Project Spotlight: SpIntellx

by Ceren Tusmen, PhD

SpIntellx is a computational and systems pathology company providing explainable AI guides to pathologists and biopharma companies. The project, initially named SPDx, is a spinout from the Center for Commercial Applications of Healthcare Data. Led by Michael J. Becich, MD, PhD; S. Chakra Chennubhotla, PhD; Jeffrey L. Fine, MD; D. Lansing Taylor, PhD;, and A. Burak Tosun, PhD, the team is developing novel tools, HistoMapr™ and TumorMapr™, with the aim of providing personalized spatial intelligence to pathologists and biopharma companies.

SpIntellx is a computational and systems pathology company providing explainable AI guides to pathologists and biopharma companies. The project, initially named SPDx, is a spinout from the Center for Commercial Applications of Healthcare Data. Led by Michael J. Becich, MD, PhD; S. Chakra Chennubhotla, PhD; Jeffrey L. Fine, MD; D. Lansing Taylor, PhD;, and A. Burak Tosun, PhD, the team is developing novel tools, HistoMapr™ and TumorMapr™, with the aim of providing personalized spatial intelligence to pathologists and biopharma companies.

Each year, 1.6 million breast biopsies are performed in the US to diagnose cancer as a follow-up to suspicious findings through diagnostic tests, such as mammograms. During a breast biopsy, a tissue specimen from the concerning area is removed, chemically and physically processed, fixed on a slide, and stained to be examined under a microscope by a pathologist. These histological samples collected from patients fall into a wide spectrum, ranging from benign to high-risk lesions to cancer, and this characterization process can be highly subjective depending on the pathologist making the decision. According to a recent study supported by the National Cancer Institute and the National Cancer Institute-funded Breast Cancer Surveillance Consortium, there is substantial discordance between pathologists’ diagnoses – particularly for the high-risk lesions. There is need for more consistent and reliable methods of characterization to avoid chances of misdiagnosis, which can result in over or under-treating the patient.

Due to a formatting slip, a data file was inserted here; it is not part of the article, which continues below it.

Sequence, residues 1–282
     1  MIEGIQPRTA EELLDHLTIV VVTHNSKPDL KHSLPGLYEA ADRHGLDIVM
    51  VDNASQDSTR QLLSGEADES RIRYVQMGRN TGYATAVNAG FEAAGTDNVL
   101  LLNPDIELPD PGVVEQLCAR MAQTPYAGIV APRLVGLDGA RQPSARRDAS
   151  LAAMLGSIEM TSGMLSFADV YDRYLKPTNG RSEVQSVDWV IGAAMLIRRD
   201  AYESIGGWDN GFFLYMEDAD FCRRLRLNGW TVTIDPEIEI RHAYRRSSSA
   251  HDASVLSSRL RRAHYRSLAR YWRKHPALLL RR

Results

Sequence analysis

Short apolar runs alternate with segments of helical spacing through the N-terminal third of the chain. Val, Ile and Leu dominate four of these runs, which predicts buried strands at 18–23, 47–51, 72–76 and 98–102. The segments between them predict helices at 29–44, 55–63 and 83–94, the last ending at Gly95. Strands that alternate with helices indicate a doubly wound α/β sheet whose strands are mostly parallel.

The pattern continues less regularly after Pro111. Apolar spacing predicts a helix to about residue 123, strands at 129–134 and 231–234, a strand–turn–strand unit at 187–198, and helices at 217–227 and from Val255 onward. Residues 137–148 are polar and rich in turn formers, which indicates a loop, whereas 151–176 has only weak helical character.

Left to right, A. Burak Tosun, PhD, S. Chakra Chennubhotla, PhD, and D. Lansing Taylor, PhD, testing the xAI feature of HistoMaprTM on a breast tissue sample.

There have been efforts to develop pathology platforms that digitize pathology images taken through a microscope that would be traditionally viewed by a pathologist. These same platforms can use digital analytics tools or advanced computational pathology techniques that apply artificial intelligence (AI) and machine learning to these digitized data. The goal is to improve the process of decision-making in pathology to deliver the best care to patients. The challenge, however, is that tumor growth is a complex and dynamic process with many biological and chemical constituents, including different cell types, vascular networks consisting of the lymphatic and blood vessels, and the components of the extracellular matrix. The interaction among these cellular and non-cellular structures within the tumor niche is defined as the tumor microenvironment (TME), which is now known to play a critical role in the development of malignancies. When the TME is in a healthy state, it protects against cancer, and when it’s not, it can support cancer. Existing methods of digital pathology are limited in the ability to characterize these critical changes in the TME with a spatial context; in other words, how the cells and the biological components are oriented to each other. With greater spatial knowledge of the tumor microenvironment, there will be a higher level of breast cancer prognostic and diagnostic capability.